Now the drama begins for Mark Brunell and David Garrard. This is their winter of uncertainty.
Garrard heightened Brunell's anxiety Sunday when Garrard capped his rookie season with his first professional start, then performed with enough poise and promise to possibly cause those in the decision-making process this winter to believe Garrard is the Jaguars' quarterback of the future, and that the future could begin as early as next season.
Not too many years ago, it would've been the unthinkable. Since he burst onto the scene in 1995 and '96 with pass-and-run skills that earned him comparison to Steve Young, Brunell has been the very identity of Jaguars football.
He was the symbol of a bold, new team in a young city on the rise. Jacksonville reflected in his eyes. It was his town. He was its quarterback. And now we wonder if all of that won't end this offseason. Brunell wonders.
"There's a lot of uncertainty. There are a lot of question marks. It's part of the game. You wait," Brunell said following the Jaguars' 20-13 loss to the Colts.
If this was to have been his final game with the Jaguars, it will have been spent on the sideline, standing on a sore right hamstring and watching the future unfold for Garrard and what was always Brunell's team.
This can be a very cold game.
"I want to be here, but I'm going to be somewhere. If the decision is made to make a change at the quarterback position, then I'll move on," Brunell said.
You could feel his pain.
How do we explain this? How do we explain that the man who delivered that great playoff win in Denver a short seven seasons ago no longer has the spring in his legs to run around and away from defenders twice his size?
Age and seven seasons of pounding would seem to be the only explanation.
Making matters worse for Brunell, Garrard possesses the youth Brunell has lost. And that obvious fact could cause the Jaguars' decision-makers this winter to cast their lot with Garrard and the significant salary cap savings Brunell's departure would offer.
"I always want to be competing for the starting job," Garrard said following Sunday's game, "but I still have a year or so in which I could definitely learn. If I'm number two, it's all right. It'll only be my second year."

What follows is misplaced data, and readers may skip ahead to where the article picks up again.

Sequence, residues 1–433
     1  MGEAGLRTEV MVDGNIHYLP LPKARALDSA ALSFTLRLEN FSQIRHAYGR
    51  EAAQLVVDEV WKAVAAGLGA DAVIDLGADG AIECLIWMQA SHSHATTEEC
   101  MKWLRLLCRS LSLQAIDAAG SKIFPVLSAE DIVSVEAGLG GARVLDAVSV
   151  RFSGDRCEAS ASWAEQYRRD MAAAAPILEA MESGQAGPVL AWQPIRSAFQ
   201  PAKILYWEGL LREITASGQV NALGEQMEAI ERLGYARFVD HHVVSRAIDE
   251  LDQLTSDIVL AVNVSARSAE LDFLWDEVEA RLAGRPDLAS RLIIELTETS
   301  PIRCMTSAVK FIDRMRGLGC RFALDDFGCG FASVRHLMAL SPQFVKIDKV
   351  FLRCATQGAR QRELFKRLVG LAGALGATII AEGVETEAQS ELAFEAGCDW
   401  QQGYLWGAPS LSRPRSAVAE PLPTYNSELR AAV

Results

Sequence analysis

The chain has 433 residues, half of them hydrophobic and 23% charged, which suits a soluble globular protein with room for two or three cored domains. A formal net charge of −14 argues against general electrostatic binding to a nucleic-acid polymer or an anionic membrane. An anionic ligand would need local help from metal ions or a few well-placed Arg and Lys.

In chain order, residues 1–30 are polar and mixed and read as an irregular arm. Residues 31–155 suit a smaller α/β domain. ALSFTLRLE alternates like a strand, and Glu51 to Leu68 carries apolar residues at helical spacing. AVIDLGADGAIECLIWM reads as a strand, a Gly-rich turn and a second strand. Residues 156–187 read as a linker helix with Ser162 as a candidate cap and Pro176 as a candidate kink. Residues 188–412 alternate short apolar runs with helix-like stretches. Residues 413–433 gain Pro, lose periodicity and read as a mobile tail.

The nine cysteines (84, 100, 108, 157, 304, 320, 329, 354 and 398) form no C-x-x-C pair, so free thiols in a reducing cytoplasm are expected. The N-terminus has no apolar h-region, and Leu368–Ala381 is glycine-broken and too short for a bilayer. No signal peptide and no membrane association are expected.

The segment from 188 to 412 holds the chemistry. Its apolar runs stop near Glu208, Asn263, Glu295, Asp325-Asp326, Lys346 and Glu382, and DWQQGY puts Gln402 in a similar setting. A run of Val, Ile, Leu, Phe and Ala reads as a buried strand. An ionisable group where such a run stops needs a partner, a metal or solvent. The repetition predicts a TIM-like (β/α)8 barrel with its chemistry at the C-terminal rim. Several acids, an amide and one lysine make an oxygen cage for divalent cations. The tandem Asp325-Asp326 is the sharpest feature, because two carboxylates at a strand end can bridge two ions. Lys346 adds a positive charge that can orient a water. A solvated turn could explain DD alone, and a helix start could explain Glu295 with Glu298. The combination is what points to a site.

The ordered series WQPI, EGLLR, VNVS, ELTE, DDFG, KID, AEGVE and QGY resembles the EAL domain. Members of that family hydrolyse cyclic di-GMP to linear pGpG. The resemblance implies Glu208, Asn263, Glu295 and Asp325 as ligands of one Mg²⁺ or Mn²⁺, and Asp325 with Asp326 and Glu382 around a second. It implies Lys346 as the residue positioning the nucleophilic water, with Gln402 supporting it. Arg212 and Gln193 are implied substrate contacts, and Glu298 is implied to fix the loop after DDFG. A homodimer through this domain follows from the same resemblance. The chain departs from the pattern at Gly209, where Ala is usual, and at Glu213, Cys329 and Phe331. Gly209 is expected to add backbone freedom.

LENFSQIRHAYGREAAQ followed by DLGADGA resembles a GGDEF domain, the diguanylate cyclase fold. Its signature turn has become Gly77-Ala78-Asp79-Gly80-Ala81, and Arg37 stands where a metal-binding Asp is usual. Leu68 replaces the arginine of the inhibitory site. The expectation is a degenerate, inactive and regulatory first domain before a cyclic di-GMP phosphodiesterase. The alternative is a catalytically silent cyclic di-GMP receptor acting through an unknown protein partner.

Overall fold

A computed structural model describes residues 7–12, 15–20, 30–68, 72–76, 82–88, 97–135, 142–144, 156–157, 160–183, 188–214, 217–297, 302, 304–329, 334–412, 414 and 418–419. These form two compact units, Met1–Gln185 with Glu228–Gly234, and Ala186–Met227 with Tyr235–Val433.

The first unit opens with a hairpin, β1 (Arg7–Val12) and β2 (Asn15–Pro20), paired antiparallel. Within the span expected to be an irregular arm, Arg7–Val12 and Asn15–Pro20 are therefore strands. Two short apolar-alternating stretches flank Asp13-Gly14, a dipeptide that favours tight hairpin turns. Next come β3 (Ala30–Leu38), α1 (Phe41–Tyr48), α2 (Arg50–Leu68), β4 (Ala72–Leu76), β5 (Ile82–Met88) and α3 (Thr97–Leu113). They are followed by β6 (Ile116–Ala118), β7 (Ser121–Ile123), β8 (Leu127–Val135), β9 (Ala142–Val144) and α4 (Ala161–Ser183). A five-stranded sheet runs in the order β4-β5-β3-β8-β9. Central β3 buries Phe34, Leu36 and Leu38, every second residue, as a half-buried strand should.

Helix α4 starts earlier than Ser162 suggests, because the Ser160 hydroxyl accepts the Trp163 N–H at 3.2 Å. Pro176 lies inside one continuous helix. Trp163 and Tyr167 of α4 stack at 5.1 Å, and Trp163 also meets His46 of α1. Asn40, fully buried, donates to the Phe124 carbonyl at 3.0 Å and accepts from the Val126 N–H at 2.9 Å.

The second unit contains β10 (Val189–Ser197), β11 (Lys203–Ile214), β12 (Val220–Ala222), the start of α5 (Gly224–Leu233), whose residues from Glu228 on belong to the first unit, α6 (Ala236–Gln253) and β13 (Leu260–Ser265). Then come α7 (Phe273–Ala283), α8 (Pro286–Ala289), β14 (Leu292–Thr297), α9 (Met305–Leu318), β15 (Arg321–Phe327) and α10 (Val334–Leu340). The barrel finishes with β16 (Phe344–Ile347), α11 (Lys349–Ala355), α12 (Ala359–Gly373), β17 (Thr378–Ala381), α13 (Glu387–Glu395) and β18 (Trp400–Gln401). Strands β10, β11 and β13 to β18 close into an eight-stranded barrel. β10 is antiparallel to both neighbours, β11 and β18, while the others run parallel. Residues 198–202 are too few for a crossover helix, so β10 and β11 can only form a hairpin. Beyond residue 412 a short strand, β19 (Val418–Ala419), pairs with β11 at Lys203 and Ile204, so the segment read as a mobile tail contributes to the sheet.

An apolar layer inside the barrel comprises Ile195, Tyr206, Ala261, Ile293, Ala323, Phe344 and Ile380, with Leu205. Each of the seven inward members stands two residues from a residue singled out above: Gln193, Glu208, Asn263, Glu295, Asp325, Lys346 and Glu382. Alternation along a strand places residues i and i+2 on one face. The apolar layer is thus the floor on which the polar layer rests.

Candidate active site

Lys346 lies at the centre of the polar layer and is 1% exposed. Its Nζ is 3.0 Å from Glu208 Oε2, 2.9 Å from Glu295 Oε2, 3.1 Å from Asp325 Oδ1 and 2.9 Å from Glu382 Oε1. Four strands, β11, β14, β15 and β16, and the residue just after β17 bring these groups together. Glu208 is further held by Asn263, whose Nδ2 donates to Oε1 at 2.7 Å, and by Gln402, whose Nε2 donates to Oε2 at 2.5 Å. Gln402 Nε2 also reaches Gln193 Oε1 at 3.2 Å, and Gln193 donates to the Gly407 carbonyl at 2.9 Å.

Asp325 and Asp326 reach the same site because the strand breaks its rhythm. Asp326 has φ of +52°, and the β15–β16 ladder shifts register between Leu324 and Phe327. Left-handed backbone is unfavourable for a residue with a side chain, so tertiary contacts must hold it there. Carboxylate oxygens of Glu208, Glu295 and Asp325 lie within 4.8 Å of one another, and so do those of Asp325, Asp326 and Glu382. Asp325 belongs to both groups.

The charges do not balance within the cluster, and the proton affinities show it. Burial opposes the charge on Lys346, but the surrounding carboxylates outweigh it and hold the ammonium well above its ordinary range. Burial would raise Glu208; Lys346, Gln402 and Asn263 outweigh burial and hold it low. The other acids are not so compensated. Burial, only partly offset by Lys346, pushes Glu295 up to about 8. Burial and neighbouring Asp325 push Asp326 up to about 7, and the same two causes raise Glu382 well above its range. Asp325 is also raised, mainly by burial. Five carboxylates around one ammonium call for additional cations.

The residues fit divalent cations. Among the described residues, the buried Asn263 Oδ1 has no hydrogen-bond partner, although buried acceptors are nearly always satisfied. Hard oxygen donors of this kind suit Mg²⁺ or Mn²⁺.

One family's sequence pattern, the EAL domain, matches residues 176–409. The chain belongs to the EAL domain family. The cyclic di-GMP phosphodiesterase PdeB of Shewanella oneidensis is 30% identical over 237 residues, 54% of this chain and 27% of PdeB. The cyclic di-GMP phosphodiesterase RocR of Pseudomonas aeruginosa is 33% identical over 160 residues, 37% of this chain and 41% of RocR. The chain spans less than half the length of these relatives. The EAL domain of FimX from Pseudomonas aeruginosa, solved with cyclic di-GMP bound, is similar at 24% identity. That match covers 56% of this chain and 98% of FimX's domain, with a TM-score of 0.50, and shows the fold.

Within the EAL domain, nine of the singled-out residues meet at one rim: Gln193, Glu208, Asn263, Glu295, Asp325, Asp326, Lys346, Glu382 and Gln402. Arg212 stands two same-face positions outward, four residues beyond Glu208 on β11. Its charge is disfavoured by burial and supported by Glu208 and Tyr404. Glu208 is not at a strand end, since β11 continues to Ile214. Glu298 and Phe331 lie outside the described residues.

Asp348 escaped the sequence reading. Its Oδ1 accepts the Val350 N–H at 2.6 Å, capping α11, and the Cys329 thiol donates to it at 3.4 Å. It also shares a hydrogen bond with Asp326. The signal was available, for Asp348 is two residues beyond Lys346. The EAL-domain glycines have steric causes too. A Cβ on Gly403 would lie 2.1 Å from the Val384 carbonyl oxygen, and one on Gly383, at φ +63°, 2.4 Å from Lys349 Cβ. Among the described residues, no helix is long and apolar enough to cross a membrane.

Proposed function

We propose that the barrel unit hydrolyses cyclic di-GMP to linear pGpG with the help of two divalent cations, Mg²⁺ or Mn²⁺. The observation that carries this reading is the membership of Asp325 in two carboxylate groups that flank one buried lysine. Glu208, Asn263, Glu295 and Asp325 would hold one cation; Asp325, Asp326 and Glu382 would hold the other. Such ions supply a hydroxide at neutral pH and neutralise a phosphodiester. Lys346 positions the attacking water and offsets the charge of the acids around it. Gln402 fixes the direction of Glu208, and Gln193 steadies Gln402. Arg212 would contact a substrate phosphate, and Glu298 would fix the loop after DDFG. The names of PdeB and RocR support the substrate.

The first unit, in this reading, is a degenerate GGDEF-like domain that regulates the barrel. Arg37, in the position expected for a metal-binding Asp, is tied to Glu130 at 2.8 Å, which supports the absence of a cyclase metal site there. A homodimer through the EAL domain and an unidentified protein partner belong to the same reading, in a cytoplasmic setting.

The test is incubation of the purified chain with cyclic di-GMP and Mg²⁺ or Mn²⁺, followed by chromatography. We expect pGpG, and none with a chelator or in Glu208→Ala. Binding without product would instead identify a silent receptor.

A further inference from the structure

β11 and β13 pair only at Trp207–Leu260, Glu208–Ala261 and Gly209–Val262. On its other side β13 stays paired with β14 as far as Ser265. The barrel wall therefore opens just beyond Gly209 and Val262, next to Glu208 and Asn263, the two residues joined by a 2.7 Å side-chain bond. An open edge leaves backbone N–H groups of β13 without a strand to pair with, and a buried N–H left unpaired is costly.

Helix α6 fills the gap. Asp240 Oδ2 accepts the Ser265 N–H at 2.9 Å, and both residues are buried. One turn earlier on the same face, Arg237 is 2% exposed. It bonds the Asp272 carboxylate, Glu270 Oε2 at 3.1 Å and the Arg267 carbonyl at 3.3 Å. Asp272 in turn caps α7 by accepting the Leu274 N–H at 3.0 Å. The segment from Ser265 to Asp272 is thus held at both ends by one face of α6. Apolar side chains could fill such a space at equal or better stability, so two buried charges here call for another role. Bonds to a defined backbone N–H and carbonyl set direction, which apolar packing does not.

Obviously, Garrard learned more about professional football this year than how to read defenses. He learned the art of diplomacy, which he clearly lacked on draft day. Then, Garrard awkwardly all but challenged Brunell to a duel for the starting job. It was laughable, then. Now, it is not.
"I think people know who I am now," Garrard said of what he accomplished with his performance against the Colts, which was far from spectacular but certainly encouraging. "I didn't have a Vick performance, but people will think one day I'll be a great quarterback, like I think I will," he added.
He didn't "have a Vick performance," but neither did Colts quarterback Peyton Manning, and that's not acceptable for a guy whose cap number next season will exceed $15 million and force the Colts to mortgage their future in a contract re-structuring.
The fact of the matter is a lot of teams in the league are winning games with bargain-basement quarterbacks, and you could certainly make a point that the position has become overvalued and that the smart teams are the ones who are winning without investing 15-20 percent of their salary cap in one player. The Jaguars' decision-makers will certainly consider that information when they evaluate the position this winter.
"It allows me to go into the offseason and know I can play in this league," Garrard said of what he accomplished in the regular-season finale.
And it will help the Jaguars' decision-makers -- whoever they are to be -- know they have an option. All of a sudden, Brunell's career with the Jaguars is in doubt.